They joined previous influxes of Rohingya who fled the country in the 70s and 90s. Today, nearly 1 million Rohingya refugees live in Bangladesh, most of them in Cox's Bazar district, near the border with Myanmar. The strain on the local host community and its already stretched facilities and services has been immense.
Bangladesh hosts the largest refugee settlement in the world.
Most Rohingya refugees are living in 33 camps in Cox’s Bazar, which together make up the world’s largest refugee settlement. More than six years on from the latest influx from Myanmar, this is also one of the world's largest protracted refugee situations.
Since 2017, the humanitarian community has closely collaborated with the Government of Bangladesh to respond to the humanitarian repercussions of this massive displacement. Despite these efforts, living conditions in the densely populated camps are dire, particularly for women and children who are vulnerable to violence, exploitation, and human trafficking. Ensuring a safe environment for refugees, including by protecting them from natural hazards, fire, and environmental degradation, remains a challenge. Between June and October, the monsoon season brings intense rainfall and strong winds, elevating the risk of floods and landslides for hundreds of thousands of Rohingya living in fragile shelters made of bamboo and tarpaulin.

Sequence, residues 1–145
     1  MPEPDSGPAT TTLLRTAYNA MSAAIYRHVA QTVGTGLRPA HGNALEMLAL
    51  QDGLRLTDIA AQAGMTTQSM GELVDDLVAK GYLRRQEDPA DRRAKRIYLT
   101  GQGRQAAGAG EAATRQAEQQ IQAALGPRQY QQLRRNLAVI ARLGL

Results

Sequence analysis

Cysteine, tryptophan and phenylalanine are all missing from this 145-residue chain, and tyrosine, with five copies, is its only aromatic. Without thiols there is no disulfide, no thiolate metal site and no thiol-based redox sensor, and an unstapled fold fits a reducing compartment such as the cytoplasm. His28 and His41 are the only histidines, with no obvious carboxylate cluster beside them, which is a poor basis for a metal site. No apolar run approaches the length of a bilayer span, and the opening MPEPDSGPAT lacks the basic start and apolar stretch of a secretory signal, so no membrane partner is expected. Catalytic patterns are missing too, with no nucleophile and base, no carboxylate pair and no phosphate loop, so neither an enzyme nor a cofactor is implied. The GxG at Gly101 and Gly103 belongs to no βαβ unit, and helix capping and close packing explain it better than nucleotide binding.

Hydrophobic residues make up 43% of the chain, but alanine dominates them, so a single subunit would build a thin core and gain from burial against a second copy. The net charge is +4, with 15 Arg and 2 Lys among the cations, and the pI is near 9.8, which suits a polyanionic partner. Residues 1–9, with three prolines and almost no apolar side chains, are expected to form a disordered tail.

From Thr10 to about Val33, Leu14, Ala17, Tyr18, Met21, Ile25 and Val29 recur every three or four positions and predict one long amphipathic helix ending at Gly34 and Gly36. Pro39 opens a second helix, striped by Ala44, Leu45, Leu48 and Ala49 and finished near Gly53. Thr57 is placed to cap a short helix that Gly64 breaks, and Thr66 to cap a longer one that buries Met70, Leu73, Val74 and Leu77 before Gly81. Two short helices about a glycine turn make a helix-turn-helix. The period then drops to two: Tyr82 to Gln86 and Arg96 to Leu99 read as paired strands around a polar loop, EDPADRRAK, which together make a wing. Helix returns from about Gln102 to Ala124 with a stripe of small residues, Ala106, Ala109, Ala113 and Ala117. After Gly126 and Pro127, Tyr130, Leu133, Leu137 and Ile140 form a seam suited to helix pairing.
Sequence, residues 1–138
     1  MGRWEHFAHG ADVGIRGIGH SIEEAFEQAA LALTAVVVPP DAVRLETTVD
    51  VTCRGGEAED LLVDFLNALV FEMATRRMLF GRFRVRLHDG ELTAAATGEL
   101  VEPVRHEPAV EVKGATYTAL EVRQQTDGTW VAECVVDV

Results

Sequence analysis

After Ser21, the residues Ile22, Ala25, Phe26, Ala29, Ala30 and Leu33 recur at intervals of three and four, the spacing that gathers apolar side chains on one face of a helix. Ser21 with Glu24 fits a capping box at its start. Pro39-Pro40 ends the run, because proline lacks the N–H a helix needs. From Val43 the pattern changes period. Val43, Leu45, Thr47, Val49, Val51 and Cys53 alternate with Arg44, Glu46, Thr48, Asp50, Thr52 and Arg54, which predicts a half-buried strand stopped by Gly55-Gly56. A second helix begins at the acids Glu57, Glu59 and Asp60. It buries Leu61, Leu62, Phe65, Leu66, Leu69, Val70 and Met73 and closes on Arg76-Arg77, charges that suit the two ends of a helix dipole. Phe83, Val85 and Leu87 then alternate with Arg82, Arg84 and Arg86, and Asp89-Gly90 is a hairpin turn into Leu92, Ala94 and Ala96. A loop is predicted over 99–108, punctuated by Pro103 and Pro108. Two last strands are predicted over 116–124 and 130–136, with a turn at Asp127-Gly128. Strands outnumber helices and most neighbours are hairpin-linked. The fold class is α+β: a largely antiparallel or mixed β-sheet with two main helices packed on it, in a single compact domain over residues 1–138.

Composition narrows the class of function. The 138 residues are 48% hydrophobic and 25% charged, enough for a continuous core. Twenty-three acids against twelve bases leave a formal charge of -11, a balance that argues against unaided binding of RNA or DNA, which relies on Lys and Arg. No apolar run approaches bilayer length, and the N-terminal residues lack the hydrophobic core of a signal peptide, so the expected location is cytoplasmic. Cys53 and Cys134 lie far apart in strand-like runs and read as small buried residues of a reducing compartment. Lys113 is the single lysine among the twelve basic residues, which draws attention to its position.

During the rainy season, refugees living in overcrowded camps and lacking proper water and sanitation facilities are also at heightened risk from water-borne diseases such as hepatitis, acute diarrhoea and dengue.
Climate change means it’s too hot during the summer and too rainy during the monsoon,” says Samia. “I’ve seen with my own eyes shelters being broken by landslides and people being injured.
What is UNHCR doing to help?
UNHCR, the UN Refugee Agency, and its partners are actively supporting the Government's efforts to address the humanitarian and protection needs of Rohingya refugees. Entirely dependent on humanitarian aid, they require assistance with food, water, shelter, education and health. As Bangladesh faces climate change and natural disaster risks, UNHCR is emphasizing the necessity for disaster-resilient and environmentally conscious programming. To mitigate potential tensions between refugees and hosts, the organization is also addressing challenges impacting host communities, including environmental degradation and lack of health services.
Given the protracted nature of the crisis, maintaining donor attention and funding has become increasingly challenging. As a result, humanitarian agencies, including UNHCR, are having to prioritize critical interventions, leaving some basic needs unmet. This situation is particularly detrimental to women and children, who constitute over 75 per cent of the refugee population and are more vulnerable to abuse and gender-based violence. The international community's support is crucial to ensure life-sustaining assistance for Rohingya refugees.
Life in the world’s largest refugee settlement
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